The remarkable pace with which President Joe Biden has sought to remake the federal bench has been put into jeopardy by dual threats: Democratic Senate absences and a Senate rule that gives Republicans the ability to veto district court nominees for courts in their home states.
It’s a combination that has Democrats increasingly concerned about the fate of future nominees at a time when the party had hoped to counteract years judiciary transformation under President Donald Trump.
They’re now attempting to overcome one of those hurdles by seeking to temporarily replace California Democratic Sen. Dianne Feinstein on the Senate Judiciary Committee, as health issues have sidelined her from the Senate for several weeks, depriving some Biden judicial nominees of the votes they need to overcome GOP opposition on the committee.
Republicans, at least initially, are skeptical of giving Democrats the cooperation they’ll need to switch Feinstein out for another Democrat on the panel.
Another blow to the Democratic judiciary overhaul came earlier this month, when Biden’s choice to fill a district court vacancy in Mississippi became the second nominee to be blockaded by the Senate rule known as the blue slip tradition.
Mississippi GOP Sen. Cindy Hyde-Smith has announced that she would not return her “blue slip” for nominee Scott Colom, effectively sinking his nomination if Democrats choose to continue honoring the rule. The White House has said it is not backing away from its selection of Colom, currently the district attorney for the 16th Judicial District of Mississippi.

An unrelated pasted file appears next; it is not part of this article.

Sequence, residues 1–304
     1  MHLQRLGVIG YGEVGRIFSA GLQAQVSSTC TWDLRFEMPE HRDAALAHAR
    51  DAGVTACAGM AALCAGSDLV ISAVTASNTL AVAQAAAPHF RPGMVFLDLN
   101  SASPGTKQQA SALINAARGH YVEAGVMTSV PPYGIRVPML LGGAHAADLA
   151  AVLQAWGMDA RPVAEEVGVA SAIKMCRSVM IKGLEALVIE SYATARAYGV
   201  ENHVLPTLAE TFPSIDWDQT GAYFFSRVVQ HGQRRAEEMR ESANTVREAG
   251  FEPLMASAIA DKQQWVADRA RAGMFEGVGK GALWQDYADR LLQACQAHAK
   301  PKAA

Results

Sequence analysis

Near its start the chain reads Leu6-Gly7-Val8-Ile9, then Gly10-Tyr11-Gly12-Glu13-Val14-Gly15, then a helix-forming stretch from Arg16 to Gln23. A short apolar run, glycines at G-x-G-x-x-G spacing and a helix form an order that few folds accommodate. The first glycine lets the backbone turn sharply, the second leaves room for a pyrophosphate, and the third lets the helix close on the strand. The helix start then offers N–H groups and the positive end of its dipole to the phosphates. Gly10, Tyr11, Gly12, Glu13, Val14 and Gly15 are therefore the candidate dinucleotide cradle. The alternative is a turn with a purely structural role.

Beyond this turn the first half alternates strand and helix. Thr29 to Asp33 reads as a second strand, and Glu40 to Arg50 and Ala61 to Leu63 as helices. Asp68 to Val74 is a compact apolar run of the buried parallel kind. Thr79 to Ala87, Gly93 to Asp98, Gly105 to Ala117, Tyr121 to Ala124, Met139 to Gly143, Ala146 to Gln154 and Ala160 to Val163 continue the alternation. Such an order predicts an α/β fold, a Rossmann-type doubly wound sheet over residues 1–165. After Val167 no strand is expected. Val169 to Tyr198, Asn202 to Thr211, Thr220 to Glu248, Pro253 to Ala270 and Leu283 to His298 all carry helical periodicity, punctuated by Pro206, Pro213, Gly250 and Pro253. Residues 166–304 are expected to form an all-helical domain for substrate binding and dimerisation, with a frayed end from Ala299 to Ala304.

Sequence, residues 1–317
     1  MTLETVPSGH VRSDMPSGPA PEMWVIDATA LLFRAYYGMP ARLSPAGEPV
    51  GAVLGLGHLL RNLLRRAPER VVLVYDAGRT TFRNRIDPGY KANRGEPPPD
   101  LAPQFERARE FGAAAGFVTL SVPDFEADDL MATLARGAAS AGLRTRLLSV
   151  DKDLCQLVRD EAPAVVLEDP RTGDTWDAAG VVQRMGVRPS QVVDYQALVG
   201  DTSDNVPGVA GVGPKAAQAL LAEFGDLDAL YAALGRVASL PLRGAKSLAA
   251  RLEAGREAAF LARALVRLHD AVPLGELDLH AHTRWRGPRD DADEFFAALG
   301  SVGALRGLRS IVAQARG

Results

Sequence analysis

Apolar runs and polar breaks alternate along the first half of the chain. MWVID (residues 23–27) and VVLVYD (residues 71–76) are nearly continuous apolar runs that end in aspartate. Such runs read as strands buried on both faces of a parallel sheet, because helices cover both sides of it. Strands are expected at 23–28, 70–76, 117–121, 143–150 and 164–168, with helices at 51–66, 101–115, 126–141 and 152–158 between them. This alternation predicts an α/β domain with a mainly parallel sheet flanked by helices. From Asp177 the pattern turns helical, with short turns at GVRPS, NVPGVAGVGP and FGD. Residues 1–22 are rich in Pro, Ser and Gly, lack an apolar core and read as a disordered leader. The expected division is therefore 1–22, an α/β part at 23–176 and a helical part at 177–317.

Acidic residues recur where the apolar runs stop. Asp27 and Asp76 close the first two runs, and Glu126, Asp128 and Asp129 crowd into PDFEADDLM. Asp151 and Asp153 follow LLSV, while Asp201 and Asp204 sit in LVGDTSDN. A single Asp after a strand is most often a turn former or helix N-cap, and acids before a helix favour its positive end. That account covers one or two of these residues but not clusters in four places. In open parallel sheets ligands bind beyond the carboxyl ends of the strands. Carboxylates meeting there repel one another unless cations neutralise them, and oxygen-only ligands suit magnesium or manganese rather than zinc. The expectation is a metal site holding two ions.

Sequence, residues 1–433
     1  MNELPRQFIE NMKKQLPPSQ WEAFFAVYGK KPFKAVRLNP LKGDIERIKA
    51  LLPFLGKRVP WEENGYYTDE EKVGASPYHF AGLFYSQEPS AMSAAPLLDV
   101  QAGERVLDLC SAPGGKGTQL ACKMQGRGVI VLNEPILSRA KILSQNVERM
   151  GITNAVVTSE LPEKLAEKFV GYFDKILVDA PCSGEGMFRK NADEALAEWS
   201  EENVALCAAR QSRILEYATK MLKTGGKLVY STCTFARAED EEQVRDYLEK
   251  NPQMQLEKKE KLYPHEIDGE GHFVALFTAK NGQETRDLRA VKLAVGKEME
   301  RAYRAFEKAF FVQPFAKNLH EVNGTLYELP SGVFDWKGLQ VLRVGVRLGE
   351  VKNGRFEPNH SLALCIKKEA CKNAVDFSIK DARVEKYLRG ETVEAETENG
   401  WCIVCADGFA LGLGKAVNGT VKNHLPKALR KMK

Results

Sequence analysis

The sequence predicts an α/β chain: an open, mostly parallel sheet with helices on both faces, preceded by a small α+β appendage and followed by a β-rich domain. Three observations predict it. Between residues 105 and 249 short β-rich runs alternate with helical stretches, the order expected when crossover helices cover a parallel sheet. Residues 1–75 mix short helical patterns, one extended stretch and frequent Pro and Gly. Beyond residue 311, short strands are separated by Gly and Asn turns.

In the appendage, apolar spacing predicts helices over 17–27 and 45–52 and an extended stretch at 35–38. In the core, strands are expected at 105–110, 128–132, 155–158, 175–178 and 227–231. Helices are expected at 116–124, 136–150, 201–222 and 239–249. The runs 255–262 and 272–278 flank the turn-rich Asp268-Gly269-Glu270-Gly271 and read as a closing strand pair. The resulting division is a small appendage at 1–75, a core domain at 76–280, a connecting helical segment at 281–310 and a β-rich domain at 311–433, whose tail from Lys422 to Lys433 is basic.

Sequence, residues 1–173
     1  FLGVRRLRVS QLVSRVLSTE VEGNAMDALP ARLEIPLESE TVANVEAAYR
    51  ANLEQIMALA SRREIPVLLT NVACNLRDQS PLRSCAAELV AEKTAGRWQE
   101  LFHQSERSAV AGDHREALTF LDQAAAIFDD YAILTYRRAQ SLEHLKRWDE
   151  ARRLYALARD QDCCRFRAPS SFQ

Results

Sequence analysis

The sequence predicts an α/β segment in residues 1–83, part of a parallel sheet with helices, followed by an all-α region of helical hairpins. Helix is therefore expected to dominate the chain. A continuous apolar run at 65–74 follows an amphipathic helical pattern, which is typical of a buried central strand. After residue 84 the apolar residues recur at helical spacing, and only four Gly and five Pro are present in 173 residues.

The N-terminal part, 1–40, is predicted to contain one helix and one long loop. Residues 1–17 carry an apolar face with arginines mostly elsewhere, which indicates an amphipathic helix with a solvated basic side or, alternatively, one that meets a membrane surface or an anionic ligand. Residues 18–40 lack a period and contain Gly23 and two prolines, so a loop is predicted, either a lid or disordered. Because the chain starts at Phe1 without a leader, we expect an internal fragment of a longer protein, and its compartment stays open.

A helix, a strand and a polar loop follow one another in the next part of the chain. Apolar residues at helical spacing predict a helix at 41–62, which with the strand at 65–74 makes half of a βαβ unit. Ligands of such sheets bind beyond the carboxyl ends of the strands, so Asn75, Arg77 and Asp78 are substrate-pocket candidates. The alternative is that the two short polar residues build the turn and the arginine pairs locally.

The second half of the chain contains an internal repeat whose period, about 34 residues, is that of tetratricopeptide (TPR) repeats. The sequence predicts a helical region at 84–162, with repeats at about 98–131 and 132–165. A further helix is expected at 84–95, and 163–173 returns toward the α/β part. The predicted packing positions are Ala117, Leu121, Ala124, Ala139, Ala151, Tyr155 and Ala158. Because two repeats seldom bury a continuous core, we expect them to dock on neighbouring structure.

But even if Democrats wanted to push forward, Feinstein’s absence for several weeks with a case of shingles, stands in the way. Without Feinstein on the panel, the partisan breakdown is 10-10.
No date has been given for the 89-year-old Feinstein to come back to Washington, and last week, amid pressure to resign, she issued a statement announced she had asked Senate Majority Leader Chuck Schumer to temporarily replace her on the Judiciary Committee.
Senate Judiciary Committee Chairman Dick Durbin previously acknowledged to CNN that Feinstein’s absence has slowed down their push to confirm nominees.
“I can’t consider nominees in these circumstances because a tie vote is a losing vote in committee,” Durbin said.
Asked if her absence has longer ramifications on the Democrats’ ability to confirm nominees, the Senate chairman said “yes, of course it does,” pointing to the long process of getting nominees scheduled for votes during precious floor time.
“We still have some nominees left on the calendar that we can work on … But we have more in the wings that we would like to process through the committee,” Durbin said.
Another Democrat who has not been present recently, Pennsylvania Sen. John Fetterman – who is not a member of the Judiciary Committee but whose absence is complicating floor votes on nominees – is slated to return this week.
Biden closed out the first years of his presidency having put 97 judges, including Supreme Court Justice Ketanji Brown Jackson, on the federal bench and the Senate has since confirmed 22 more this year.
While the president likely won’t match Trump’s successes reshaping the US Supreme Court, his administration has focused on the lower courts. During the Trump years, Senate Republicans confirmed 229 judges, including three justices. The Biden administration has stressed not just the quantity of judges confirmed but also how Biden has sought to bring more professional and demographic diversity to the courts.